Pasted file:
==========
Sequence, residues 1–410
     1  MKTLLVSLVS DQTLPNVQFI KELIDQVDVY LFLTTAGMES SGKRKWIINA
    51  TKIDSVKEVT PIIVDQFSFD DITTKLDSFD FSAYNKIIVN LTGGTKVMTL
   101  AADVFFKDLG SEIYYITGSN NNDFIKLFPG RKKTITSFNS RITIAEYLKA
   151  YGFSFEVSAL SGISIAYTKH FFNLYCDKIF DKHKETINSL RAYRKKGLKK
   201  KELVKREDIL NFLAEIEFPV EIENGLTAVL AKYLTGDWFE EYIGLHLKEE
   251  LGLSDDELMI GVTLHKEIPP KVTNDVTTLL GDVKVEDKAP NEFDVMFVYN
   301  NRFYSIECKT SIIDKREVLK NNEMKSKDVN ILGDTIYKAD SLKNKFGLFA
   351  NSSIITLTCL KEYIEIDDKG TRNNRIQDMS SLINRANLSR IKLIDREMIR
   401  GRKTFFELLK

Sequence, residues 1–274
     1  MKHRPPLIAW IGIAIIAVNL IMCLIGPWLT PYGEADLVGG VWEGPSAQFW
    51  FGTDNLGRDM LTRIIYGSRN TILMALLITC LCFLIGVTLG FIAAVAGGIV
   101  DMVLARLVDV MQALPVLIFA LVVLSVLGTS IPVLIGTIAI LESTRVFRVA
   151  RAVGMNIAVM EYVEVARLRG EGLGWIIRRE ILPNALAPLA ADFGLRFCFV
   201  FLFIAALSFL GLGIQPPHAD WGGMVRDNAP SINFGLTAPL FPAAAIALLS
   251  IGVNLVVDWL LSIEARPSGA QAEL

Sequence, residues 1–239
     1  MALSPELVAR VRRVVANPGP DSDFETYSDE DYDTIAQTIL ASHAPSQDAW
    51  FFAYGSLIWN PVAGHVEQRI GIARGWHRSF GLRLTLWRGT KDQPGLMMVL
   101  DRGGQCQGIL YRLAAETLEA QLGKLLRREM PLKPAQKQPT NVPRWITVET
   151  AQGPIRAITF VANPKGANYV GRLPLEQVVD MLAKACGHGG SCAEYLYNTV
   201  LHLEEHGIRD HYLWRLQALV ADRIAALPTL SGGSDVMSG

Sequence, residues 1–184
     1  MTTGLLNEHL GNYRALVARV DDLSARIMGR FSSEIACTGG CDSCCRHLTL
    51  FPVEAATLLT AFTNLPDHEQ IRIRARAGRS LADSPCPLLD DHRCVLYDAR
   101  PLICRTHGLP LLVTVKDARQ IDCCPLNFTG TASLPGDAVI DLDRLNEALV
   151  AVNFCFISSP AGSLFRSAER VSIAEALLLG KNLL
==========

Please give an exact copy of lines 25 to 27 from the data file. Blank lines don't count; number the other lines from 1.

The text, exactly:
     1  MTTGLLNEHL GNYRALVARV DDLSARIMGR FSSEIACTGG CDSCCRHLTL
    51  FPVEAATLLT AFTNLPDHEQ IRIRARAGRS LADSPCPLLD DHRCVLYDAR
   101  PLICRTHGLP LLVTVKDARQ IDCCPLNFTG TASLPGDAVI DLDRLNEALV